Good soil has poetry and beauty all its own.

As a result of these complexities, garden soil has wildly differing characteristics depending on where you are. Local geology plays a big part in the chemistry of garden soil. 

Each specific type of soil, with its own ratio of clay, sand, and stones, releases nutrients in different quantities. These differences will have an impact on things like drainage, too. 

Differences in the organic material worked through the soil will alter how it retains water and oxygen and impact the microscopic communities of fungi and bacteria that provide their own unique benefits that are hard to replicate in a synthetic soil mix. 

Finally, the actions of large animals – including human gardeners! – will have a special part to play. 

Manure adds nutrients, and the physical action of digging, planting, and tilling changes how all these different elements interact. There’s a lot going on in garden soil!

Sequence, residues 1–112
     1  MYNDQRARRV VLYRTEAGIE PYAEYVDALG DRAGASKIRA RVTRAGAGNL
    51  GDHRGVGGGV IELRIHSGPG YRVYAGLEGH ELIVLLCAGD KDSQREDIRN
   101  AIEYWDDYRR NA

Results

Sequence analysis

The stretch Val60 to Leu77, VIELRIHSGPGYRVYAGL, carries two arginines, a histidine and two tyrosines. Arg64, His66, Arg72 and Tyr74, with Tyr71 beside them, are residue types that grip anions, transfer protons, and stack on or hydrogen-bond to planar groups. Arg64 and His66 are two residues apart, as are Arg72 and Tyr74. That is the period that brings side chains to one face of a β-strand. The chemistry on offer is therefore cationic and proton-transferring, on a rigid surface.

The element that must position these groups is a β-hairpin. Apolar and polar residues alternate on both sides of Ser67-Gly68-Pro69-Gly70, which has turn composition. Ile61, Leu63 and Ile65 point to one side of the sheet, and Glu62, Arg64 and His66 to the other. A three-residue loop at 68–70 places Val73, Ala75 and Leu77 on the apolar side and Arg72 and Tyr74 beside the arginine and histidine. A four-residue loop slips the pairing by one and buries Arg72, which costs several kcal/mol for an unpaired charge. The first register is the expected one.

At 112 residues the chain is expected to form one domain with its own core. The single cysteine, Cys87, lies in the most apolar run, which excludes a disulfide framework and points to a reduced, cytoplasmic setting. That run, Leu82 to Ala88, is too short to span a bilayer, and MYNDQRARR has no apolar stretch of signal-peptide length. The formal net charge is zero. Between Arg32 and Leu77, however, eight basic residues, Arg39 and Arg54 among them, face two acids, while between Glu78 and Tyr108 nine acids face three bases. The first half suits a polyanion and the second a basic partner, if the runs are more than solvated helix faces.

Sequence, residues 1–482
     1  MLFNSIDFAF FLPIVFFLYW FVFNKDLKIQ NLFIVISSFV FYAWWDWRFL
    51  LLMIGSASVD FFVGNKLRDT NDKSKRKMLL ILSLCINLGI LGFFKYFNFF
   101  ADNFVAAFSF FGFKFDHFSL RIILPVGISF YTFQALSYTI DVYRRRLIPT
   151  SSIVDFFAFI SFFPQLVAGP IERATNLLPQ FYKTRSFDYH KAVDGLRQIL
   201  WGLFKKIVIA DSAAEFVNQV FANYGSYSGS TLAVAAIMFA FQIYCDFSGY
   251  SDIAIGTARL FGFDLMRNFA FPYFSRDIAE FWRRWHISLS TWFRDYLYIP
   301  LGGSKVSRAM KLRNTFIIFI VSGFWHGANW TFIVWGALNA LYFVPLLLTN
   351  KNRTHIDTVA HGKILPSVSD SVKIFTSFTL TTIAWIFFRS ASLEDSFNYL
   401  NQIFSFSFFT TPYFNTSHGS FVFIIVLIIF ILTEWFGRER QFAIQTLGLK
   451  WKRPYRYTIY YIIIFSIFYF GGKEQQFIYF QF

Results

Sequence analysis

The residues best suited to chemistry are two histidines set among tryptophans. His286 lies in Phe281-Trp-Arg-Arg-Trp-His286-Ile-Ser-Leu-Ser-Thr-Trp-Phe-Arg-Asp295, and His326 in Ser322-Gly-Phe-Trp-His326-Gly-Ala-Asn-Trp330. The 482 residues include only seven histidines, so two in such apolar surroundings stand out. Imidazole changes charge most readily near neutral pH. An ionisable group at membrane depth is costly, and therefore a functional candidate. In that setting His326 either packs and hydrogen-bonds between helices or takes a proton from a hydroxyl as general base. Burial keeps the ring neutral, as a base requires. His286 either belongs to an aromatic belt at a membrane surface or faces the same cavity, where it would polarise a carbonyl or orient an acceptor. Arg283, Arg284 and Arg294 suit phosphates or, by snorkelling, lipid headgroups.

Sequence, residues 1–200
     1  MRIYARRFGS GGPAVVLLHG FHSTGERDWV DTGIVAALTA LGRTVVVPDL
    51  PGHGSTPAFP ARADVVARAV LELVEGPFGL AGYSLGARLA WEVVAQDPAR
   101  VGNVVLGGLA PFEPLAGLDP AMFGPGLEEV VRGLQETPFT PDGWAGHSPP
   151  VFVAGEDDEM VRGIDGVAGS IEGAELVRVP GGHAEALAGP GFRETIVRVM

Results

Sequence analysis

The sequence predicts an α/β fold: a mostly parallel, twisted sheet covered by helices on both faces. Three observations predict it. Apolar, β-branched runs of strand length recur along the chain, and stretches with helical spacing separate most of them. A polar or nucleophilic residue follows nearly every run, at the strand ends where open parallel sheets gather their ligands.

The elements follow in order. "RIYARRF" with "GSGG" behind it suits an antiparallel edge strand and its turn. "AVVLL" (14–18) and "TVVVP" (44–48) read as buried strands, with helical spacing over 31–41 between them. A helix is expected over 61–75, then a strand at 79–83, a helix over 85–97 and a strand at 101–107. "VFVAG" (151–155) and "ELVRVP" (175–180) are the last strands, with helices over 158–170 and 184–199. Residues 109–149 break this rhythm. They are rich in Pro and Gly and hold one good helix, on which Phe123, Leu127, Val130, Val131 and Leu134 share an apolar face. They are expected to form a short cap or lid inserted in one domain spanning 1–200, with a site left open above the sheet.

Potting soil is a different matter. Here, the properties are more driven by the economics of the product. 

A good quality potting soil is an excellent growing medium. It will contain a lot of organic matter and the right amount of inert mineral components to provide better drainage and support root development. Many commercial potting soils work wonders with coco coir, as the coco coir helps with drainage and structure.

Slow release fertilizers are common in commercial potting soils to provide enough nutrients to ensure a healthy plant – something coco coir is lacking. The best commercial soil blends are even inoculated with the spores needed to kick-start life below the surface.